[note location change for tomorrow at end]

The Obamacare website stinks. For five hours at a House committee hearing yesterday, private contractors paid big bucks to develop different parts of the website traded blows and blame with the government agency in charge of coordinating those parts. The different parts behind the website apparently work fine on their own, but when it came time to weld them together on HealthCare.gov, it was total bedlam.

We wouldn’t be in this mess – and I would be able to get my Obamacare – if the government and its contractors had spent the last year doing awesome overhead squats instead of stupid crunches.

Here’s what I mean. HealthCare.gov is the federal government’s site where those of us who are uninsured (or who just want a better plan) can buy health insurance. The good news is that the plans offered on HealthCare.gov are cheaper, better, and easier to understand than what I can find on my own. The bad news is that if I don’t have insurance by January 1, I’ll be fined. I’m OK with that arrangement.

To make HealthCare.gov work, though, the builders of the website had to be able to coordinate a whole lot of moving parts. There are thousands of private insurance providers, spread through 36 separate states that are using HealthCare.gov, data from dozens of federal agencies to determine if someone qualifies for a subsidy, etc. etc. The Centers for Medicare & Medicaid Services (CMS), the Health and Human Services agency in charge of HealthCare.gov, decided last year to contract out the different parts of the site to private companies.  One company built the parts of the site that amalgamate the insurance companies in each state. Another company built the mechanism for letting individuals sign up. Another built the part of the site that will collect your data from all the different government agencies.

The idea was that CMS, as the system integrator, would then bring all the moving parts together into a seamless whole. CMS is supposed to be doing the work that your abs and core do: stabilize and integrate the moving parts.

Problem is, Obama’s people went about this using an outdated model of exercise that thinks it’s best to work out each body part in isolation rather than as an integrated whole. CGI Group went off and did a lot of bicep curls, UnitedHealth Optum  did a lot of leg extensions, and QSSI really made those calves pop out with a ton of calf raises.

CMS, meanwhile, was hard at work doing tons of isolation ab exercises: crunches, half crunches, side crunches, flutter kicks, weighted pull-down crunches, machine crunches, those Jane Fonda bicycling things.

The philosophy of isolation exercises is fine if what you want to be able to do is hundreds of crunches. But if what you want is for your core to do what it’s meant to do – which is to integrate the moving parts of the rest of you – those crunches aren’t worth jack shit.

We don’t do crunches at queerfit because crunches are pretty worthless. Crunches target the abs that make up the six-pack – the rectus abdominus – and as such hit only the most superficial (and least important, vis a vis the abs’ stabilization function) of the abdominal muscles. The deepest and most powerful of your abs – the transversus abdominus that wraps around your torso – are taking little ab naps while you do those hundreds of crunches.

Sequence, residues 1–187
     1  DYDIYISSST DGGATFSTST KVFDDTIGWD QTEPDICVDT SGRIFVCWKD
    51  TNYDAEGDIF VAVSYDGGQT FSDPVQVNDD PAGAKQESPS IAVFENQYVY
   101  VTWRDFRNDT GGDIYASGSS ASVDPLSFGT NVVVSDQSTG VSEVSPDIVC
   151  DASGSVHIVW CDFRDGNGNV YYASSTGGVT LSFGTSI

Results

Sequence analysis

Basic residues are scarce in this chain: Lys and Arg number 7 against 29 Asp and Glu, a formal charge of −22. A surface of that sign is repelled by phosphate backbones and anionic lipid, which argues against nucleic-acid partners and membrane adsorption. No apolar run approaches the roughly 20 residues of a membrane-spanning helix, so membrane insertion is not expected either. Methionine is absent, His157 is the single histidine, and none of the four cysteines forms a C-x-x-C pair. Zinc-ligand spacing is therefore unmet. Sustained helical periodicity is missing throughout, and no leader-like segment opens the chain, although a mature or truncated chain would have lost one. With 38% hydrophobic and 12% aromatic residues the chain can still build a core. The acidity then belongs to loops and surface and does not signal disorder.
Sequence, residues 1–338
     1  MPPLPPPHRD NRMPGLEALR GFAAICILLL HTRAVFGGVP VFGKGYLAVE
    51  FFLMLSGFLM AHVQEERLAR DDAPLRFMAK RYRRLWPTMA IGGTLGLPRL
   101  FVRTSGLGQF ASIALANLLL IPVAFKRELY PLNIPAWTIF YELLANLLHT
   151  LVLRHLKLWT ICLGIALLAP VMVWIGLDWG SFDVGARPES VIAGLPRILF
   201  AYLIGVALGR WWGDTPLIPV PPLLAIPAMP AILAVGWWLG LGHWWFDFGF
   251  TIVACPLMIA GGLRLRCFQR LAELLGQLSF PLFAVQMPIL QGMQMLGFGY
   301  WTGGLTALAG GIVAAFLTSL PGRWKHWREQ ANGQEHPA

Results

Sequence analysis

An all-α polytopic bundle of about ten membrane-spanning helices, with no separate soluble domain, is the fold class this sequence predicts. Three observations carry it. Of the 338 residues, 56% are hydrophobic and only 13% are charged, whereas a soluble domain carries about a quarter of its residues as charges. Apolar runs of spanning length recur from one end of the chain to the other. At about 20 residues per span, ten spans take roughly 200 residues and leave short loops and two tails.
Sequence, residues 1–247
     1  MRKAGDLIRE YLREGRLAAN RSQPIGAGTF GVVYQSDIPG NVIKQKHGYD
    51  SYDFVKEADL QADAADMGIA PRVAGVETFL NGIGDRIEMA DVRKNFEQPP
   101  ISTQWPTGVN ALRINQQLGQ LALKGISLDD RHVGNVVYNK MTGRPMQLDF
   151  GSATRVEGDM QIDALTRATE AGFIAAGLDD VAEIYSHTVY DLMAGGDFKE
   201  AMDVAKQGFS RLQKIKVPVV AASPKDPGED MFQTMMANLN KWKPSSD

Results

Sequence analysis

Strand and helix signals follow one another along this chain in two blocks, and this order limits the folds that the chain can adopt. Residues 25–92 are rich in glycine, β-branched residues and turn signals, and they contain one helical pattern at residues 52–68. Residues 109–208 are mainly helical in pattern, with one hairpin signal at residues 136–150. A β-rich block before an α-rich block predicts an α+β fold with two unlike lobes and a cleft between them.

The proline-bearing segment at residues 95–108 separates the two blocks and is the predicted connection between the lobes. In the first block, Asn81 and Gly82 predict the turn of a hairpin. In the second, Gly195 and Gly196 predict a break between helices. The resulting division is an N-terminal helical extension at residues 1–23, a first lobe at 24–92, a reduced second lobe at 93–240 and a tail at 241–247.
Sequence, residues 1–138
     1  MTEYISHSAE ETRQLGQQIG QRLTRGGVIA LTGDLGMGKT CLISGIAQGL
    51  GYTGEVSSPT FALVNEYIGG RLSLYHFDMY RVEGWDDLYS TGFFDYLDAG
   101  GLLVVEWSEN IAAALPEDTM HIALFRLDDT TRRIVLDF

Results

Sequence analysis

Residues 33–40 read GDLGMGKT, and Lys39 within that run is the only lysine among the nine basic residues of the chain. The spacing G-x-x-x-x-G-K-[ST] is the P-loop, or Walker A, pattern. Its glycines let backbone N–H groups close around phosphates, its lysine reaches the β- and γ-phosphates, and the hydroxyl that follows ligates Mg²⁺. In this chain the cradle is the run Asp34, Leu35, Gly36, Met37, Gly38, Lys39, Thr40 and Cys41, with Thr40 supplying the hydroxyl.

But the real reason we don’t do crunches is because the core function of your core is not to do crunches. It is to integrate movement through an efficient transfer of power. Doesn’t that sound good? Integrating movement through an efficient transfer of power. It’s something we can use more of in all parts of our life, and in all manner of movements.

What’s challenging is that it takes a lot more than your abs to do the work of integrating movement. When we say “strong core,” we’re talking about not just your abs, but everything else that makes up your core. You have erector spinae, those amazing muscles up and down alongside your spine that stand you up. You have big slabs of latissimus dorsi across your back. There’s the quadrillions of nerves of your central nervous system that determine how many and how fast your muscle fibers fire. There’s the inguinal ligament and your thoracolumbar fascia and your diaphragm. These are all part of your core and they all want your love and attention.

So how do we activate all that? Simple – we do full body movements that force us to integrate movement through an efficient transfer of power.  Overhead squats. Power cleans. Deadlifts. Jumping walls, climbing over tree limbs, pushing a truck, pulling a very heavy load. Ball slams. More overhead squats.

This is how HealthCare.gov should have been built. If CMS had spent the last year doing overhead squats instead of crunches, the different parts of the website would have been integrated and coordinated from the start. Instead, the Republicans get something to beat up on, and those of us waiting for Obamacare get a glitchy website.

Queerfit, on the other hand, is not glitchy at all. Come join us tomorrow for some overhead squats…

[location change: We are at The Wall tomorrow, across the street from Irwin Street Market at 660 Irwin Street. See you at 10:00, sunshine and chilly – pull your hoodie and sweatpants out tonight, so you’re ready to go tomorrow morning.]